Hidcote Flower With Bees - August 2011- by E.E. Harper

English Weather And Other Things

Bedruthan Steps

Weather in Cornwall can change dramatically in a short amount of time. I lived in Germany for several years when I was in the army and it was much the same. One might wake to a day that was grey and wet, see that give way to blue skies, and then be surprised by a short burst of hail from the same sky an hour later.

Two days ago Bedruthan Steps was wrapped in a sheet of cloud cover and rain which was a continuation of the winter weather we’d been having. It looked as if it would stay that way all week, but yesterday we were pleased to have blue skies when we toured Lanhydrock.

I know from visiting some of my readers online, that they are still being slammed with loads of snow so I won’t whinge (whine) on about how wet and grey it is again today.

John’s eldest daughter has been with us since late Thursday and had a chance to visit the house and gardens with us at Lanhydrock. She’s been before, but it’s a great place to revisit. I never get enough of National Trust properties and there are plenty across the UK. I must admit that I have a special attraction for Lanhydrock and joked yesterday with several of the staff that as National Trust members, we visit so often it feels like our second home.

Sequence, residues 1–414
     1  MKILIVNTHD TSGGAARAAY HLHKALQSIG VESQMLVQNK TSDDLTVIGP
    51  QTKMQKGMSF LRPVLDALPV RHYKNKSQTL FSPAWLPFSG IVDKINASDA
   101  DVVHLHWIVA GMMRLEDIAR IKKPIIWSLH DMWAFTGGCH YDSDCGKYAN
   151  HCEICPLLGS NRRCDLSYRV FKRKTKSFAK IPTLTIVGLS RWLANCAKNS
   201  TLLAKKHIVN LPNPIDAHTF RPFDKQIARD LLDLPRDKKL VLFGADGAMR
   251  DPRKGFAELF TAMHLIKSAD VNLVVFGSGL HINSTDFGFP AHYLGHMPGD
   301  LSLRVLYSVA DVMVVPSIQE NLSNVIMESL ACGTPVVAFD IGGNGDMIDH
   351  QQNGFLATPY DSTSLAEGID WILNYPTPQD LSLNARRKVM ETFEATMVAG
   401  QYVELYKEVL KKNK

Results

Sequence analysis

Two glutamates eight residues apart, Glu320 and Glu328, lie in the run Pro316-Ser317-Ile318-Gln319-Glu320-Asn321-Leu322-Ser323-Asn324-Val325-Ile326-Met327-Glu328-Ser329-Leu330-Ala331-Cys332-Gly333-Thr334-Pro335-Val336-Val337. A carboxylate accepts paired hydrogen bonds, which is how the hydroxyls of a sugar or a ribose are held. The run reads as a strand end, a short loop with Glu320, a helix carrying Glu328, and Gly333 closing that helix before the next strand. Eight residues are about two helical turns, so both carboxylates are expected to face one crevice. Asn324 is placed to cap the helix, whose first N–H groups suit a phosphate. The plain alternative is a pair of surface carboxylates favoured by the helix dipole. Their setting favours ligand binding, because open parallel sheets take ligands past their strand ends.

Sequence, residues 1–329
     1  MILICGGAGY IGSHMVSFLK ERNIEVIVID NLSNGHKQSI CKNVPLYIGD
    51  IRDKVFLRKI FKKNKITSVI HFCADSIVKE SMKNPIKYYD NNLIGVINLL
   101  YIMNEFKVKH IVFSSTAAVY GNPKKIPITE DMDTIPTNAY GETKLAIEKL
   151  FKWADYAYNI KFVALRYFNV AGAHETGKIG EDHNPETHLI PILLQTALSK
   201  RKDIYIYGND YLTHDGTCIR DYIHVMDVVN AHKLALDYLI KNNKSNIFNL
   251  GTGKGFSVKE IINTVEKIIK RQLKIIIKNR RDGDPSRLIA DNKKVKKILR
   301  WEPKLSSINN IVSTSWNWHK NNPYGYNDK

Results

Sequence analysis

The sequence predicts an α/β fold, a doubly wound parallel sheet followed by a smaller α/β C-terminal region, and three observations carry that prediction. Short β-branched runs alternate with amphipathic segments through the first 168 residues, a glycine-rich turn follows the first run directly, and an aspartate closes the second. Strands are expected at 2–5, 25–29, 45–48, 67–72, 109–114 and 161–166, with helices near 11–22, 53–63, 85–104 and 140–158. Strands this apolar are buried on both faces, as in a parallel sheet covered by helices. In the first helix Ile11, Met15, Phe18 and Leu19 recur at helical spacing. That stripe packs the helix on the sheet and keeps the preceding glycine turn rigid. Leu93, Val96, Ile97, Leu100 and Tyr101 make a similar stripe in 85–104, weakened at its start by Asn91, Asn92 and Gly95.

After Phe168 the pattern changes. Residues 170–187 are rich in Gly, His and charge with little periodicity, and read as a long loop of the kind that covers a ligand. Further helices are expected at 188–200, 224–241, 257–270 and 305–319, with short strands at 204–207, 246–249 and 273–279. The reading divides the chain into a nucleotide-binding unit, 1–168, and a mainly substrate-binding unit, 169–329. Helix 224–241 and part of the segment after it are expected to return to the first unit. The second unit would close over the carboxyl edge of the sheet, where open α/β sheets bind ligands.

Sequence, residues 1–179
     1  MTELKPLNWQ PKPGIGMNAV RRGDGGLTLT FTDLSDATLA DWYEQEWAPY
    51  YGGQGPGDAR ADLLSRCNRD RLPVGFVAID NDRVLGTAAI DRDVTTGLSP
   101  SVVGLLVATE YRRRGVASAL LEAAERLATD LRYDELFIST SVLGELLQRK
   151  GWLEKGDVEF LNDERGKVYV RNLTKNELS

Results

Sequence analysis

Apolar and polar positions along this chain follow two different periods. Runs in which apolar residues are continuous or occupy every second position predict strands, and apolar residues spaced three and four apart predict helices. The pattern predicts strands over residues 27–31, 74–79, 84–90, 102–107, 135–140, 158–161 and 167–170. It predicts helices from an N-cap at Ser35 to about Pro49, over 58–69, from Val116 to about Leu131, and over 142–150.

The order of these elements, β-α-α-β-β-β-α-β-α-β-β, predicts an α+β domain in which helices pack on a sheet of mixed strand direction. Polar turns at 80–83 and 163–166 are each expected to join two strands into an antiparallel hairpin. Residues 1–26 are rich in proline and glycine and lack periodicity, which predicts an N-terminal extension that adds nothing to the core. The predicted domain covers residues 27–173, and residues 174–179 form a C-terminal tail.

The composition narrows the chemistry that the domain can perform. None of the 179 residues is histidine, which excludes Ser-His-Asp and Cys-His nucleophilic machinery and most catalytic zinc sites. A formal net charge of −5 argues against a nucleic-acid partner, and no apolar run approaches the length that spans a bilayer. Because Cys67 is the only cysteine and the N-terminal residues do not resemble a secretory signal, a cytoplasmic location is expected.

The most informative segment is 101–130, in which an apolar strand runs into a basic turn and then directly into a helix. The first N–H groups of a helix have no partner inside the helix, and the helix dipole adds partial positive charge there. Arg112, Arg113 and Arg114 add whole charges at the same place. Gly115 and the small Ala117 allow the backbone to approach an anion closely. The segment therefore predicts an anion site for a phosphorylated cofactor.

I never get tired of shooting this view from an upstairs window.

Having a church right on the property must have been pretty amazing for the family that lived there and Lanhydrock is one of only three National Trust properties that have churches on the estate. You can read more about it here.

Not all the gardens are as formal as the small bit you can see here.

The church is a working church that still has Sunday services.

Remember a few photos earlier when I said that I can never get enough of this view, at least this one is taken from a different window.

I’ve photographed the light through this window before and I always want to grab a book and a cushion and curl up there for a few hours. If I dressed in period clothing and sat very still, do you think anyone would notice?